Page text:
In the mid-1990s, Alan Greenspan's Fed began our central bank's tradition of pumping massive amounts of liquidity. Since that time, stocks and other assets typically held in large quantities by the wealthy have done--for the most part--very well. But, for middle class Americans, who rely on "breadwinner" jobs for their livelihoods, the past 15 or so years have been a period of economic decline, the past 6 years a period of economic free-fall.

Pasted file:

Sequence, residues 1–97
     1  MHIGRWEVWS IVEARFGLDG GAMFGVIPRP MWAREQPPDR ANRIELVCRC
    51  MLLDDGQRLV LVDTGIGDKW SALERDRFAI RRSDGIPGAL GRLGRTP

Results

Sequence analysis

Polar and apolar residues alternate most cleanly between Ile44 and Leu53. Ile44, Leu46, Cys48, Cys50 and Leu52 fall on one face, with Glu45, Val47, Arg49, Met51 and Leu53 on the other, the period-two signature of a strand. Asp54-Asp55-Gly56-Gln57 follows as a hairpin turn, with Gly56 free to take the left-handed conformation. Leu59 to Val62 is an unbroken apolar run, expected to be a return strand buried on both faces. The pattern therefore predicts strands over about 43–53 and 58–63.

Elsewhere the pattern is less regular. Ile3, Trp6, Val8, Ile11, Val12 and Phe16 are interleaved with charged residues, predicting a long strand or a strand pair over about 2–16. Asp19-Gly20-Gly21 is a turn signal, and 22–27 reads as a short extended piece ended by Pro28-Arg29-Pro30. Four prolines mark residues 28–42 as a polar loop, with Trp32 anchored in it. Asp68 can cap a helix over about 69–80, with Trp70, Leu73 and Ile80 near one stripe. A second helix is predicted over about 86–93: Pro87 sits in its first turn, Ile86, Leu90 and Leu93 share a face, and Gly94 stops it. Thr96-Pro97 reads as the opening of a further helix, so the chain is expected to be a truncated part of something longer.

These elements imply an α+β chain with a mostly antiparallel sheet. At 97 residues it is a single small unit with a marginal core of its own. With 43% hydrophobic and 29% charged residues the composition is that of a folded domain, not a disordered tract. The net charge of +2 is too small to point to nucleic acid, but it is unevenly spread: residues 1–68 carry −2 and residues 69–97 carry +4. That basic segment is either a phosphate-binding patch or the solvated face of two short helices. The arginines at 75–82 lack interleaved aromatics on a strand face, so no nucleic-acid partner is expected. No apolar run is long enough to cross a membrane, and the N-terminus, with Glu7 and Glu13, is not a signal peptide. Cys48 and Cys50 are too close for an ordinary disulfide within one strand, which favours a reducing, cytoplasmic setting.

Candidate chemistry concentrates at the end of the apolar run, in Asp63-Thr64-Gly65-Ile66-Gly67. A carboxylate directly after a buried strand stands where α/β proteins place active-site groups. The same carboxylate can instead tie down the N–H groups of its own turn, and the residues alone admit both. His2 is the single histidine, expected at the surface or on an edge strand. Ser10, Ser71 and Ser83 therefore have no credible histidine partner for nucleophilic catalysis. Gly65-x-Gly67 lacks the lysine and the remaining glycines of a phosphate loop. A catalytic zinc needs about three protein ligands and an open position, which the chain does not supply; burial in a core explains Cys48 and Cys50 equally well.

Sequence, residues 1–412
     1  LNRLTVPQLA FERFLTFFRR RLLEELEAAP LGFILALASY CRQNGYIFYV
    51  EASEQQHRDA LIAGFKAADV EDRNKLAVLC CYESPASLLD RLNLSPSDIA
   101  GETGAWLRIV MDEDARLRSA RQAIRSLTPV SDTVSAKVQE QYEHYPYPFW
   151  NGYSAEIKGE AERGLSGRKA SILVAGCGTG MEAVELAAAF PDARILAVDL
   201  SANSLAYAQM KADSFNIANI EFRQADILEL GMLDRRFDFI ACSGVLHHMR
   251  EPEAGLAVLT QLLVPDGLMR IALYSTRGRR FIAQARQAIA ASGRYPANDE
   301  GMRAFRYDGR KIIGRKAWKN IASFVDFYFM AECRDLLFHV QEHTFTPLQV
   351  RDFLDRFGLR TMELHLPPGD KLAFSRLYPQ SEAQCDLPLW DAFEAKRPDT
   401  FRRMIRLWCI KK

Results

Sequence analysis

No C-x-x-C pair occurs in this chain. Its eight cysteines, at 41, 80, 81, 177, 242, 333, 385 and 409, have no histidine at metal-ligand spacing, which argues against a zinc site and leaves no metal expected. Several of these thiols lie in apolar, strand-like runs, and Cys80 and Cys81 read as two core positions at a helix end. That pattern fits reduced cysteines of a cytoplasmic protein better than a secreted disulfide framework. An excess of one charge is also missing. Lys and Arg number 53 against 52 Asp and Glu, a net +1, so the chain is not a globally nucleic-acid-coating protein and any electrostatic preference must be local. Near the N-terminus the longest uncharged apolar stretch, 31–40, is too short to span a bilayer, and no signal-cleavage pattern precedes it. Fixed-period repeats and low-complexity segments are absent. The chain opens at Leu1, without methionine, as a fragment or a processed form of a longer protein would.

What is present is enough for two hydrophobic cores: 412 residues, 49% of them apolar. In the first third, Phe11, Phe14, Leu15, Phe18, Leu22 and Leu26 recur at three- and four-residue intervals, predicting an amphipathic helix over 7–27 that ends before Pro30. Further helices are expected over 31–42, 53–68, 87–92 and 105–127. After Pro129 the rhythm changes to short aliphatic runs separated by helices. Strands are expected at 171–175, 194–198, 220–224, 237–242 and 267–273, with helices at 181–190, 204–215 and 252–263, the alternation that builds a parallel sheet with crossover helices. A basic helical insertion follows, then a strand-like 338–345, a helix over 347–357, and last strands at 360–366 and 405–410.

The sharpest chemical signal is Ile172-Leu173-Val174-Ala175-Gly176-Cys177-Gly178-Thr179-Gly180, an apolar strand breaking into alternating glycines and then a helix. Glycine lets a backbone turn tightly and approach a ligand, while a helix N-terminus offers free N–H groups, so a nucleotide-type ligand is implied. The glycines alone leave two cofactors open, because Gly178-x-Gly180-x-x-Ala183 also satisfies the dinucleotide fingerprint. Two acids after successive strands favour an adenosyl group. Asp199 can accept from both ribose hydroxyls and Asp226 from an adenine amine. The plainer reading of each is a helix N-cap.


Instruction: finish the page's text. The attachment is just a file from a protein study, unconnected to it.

Since peaking at around 67.5% in the late 1990s, the labor force participation rate has declined to 63%, the lowest level since the 1970s, when households rarely sent more than one member into the workforce. The S&P 500, on the other hand, has more than doubled:
Corporate profits and labor force participation also decoupled in the late 1990s. Today, there is little correlation between the two:
What's more, part-time jobs have been replacing full-time jobs since the Fed's tech bubble:
And, since the late 1990s, real wages (adjusted for inflation) have been in decline: